GOVERNMENT has established an advisory committee — manned by some of the island’s brightest scientific minds — as it moves to have the long-awaited Climate Change Department up and running by year-end.
Minister of Water, Land, Environment, and Climate Change Robert Pickersgill made the announcement last Wednesday at a symposium put on by the University of the West Indies Faculty of Law.
He noted that the committee — to be chaired by environmental management consultant Dr Conrad Douglas and whose members will include the likes of physicist and Nobel Peace Prize winner Professor Anthony Chen — is to guide the establishment of the Climate Change Department.
It was more than five years ago that the Government of the People’s National Party — out of office for more than four years up to last December — announced plans to establish what it referred to then as a climate change unit.
At the time, it was envisaged that the new entity — to be operated out of the offices of the Meteorological Service in Kingston and for which space was subsequently designated — was to have responsibility to coordinate and manage the island’s efforts to treat the ill-effects of the changing climate.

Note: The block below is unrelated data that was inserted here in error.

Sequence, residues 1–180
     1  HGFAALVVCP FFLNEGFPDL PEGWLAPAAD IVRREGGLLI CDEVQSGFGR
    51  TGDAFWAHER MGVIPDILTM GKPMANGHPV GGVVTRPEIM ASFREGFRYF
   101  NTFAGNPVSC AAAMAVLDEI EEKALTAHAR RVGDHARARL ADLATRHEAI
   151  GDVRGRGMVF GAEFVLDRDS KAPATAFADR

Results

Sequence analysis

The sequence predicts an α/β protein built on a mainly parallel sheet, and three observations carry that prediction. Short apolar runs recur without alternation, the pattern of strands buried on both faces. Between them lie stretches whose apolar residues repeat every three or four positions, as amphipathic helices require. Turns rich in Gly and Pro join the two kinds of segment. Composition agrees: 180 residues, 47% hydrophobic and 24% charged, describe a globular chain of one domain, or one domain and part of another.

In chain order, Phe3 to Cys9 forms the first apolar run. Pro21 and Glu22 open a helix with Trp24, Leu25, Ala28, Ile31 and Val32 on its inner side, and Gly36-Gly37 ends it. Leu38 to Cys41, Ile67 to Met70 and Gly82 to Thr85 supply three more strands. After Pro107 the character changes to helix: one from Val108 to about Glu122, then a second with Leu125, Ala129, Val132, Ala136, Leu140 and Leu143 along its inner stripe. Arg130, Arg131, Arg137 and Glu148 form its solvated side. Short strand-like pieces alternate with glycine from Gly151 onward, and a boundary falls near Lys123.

Those effects include rising sea levels and the attendant coastal erosion and livelihood loss; warmer global temperatures that could undermine agriculture as well as tourism; and more extreme weather events, such as droughts and hurricanes.
Up to three years ago, the projected cost of the unit was put at some $8.7 million. Last Wednesday, the minister said that was “monkey money”.
“It’s going to take a lot more than that,” he told the Jamaica Observer.
Pickersgill could not give a precise figure, but said the United Nations Development Programme would stand the cost of the consultant retained to oversee the structuring and establishment of the department.
Meanwhile, he said the advisory committee — whose membership is expected to include environmental nongovernmental organisations — will also help to further awareness raising on climate change, for which a recent public education campaign was launched last month.
“The country is not informed... We are convinced that you have to educate. I admit it publicly; I was never as aware as I ought to have been as a Jamaican citizen. If I can say that publicly, I emphathise and understand what is before us. To [correct the situation] we are setting up this advisory committee,” Pickersgill said. “I didn’t know we had all that expertise and talent in this country. I want all of these people... to sit down and come up with something that we can go to the public with.”